We need uncompromising belief to win the war of ideas
My, what a big pile of ammonium nitrate they have. The better to blow us up with, I imagine. If so, they must be stopped, by persuasion where possible and by force where necessary. Do not dismiss the latter option too lightly. Persuasion fails if a machete through the neck impedes the smooth flow of your argument. The last words of Dutch filmmaker Theo van Gogh were apparently: “We can talk about it. Don’t do it! Don’t do it!” But they couldn’t talk because his Islamist assailant shot and stabbed him before pinning an abusive note to his mutilated corpse to which no reply was feasible.
Do not dismiss the long-term importance of ideas too lightly either. In 1911, G. K. Chesterton wrote: “About half the history now taught in schools and colleges is made windy and barren by the narrow notion of leaving out the theological theories ... Historians seem to have completely forgotten two facts – first, that men act from ideas; and second, that it might, therefore, be as well to discover which ideas.”
It has not become less true since, in either sense. Islamists are our enemies because they believe in a perverse interpretation of the Muslim faith. And they will be until they are stopped, either from thinking that way or from acting on their ideas.
The police and intelligence services have done a good job thus far of preventing them from acting. But in the long run we must also win the war of ideas.
One important task, convincing potential radicals that the extremists have the wrong interpretation of Islam, falls primarily to reasonable Muslims who, I’m pleased to see, are speaking out a bit more clearly in this country. Of course, an infidel can point to passages in the Koran that advocate peace or say: “There shall be no compulsion in religion.” (And extremists can point to others that unmistakably do not.) But if you have not converted to Islam, you will have trouble convincing a Muslim audience you have grasped its essential truth.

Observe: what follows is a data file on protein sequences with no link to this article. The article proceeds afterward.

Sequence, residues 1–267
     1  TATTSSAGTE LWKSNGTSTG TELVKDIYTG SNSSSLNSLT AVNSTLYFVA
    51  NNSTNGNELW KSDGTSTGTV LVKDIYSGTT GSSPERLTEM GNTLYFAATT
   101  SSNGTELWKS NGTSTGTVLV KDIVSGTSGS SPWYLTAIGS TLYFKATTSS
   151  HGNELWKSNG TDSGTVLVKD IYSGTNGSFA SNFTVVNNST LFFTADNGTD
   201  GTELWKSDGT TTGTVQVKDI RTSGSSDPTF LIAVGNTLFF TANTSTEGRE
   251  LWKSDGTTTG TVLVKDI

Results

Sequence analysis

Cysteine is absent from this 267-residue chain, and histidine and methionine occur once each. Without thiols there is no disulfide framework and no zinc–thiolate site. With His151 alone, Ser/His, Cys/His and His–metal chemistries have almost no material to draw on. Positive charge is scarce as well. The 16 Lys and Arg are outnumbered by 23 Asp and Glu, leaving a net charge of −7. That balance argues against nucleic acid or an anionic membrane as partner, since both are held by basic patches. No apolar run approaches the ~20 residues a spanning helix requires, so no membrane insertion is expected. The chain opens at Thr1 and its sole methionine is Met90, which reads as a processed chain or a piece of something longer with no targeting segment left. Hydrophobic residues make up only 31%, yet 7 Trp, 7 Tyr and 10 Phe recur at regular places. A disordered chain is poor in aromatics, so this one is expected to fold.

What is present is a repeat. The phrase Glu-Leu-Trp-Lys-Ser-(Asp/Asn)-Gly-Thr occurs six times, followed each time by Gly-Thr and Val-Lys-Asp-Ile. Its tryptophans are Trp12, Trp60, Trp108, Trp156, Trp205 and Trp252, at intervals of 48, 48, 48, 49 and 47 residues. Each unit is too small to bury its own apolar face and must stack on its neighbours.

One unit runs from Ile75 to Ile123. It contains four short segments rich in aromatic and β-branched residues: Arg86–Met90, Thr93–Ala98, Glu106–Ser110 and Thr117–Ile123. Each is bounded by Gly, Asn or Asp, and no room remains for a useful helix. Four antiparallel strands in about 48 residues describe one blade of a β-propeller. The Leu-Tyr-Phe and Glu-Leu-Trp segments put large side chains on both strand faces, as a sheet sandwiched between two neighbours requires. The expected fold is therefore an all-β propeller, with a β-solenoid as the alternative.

Here we get into grave difficulties in a post-modern society. For typical well-meaning liberals have not embraced Islam not because they don’t think it is true, but because they don’t really think anything is true. In these “non-judgmental” times Roman Catholic politicians support abortion, the Constitution is a “living tree” whose Charter says one thing one day and the exact opposite the next, deconstructionism pervades academia and Pontius Pilate’s “What is truth?” is the slogan under which we don’t go forth to battle because like, whatever man. It will not do.
Those of us who are not Muslims cannot possibly prevail in a battle of ideas unless we have something positive for which we stand. We must be willing to say that our way of life is better than others and give logical reasons why. Even if it causes hurt feelings. For if certain beliefs about how one should behave are correct, then others that contradict them are not. Idiots may denounce this proposition as insensitive. But it’s elementary logic and you can’t wish or mush it away.
Nor will it help to try, because what most offends Islamists about our society is not what we believe, but that we do not believe. That’s why radical multiculturalism and the moral relativism behind it are not the answer to their hatred but a primary cause of it.
I don’t just mean that a lame-brained “different strokes for different folks” attitude toward clitorectomies, anti-Semitism and political violence blinds us to the fifth column in our midst. I mean that no amount of assuring Islamists it’s fine if they want to believe their silly old religion while we make out on the waterbed will mollify them. It is at the core of what infuriates them.
Forget the Afghan mission we joined or the Iraq war we didn’t. They despise us as decadent less because we fornicate while intoxicated than because we do it sadly and without conviction. Only those who stand up for something can talk back to them at all. Or have any real reason to fight back if they won’t listen.
As for the fourth option of grovelling appeasement, there is a peculiar marriage of convenience between western multiculturalists who don’t want to face the problem and anti-western radicals who don’t want us to face it. Let us divorce them forthwith. I’m all for exotic cuisine. But not sex-selective abortion (see the June 5 Western Standard) or a belief that you should blow up infidels or, when convenient, behead them slowly on camera. Multiculturalism must no longer be a cloak of invisibility for hatred, violence and evil.
We either convert our enemies or kill them, or they do it to us. I vastly prefer persuasion to force. But persuasion requires belief.
And that’s no pile of fertilizer.
[First published in the Ottawa Citizen]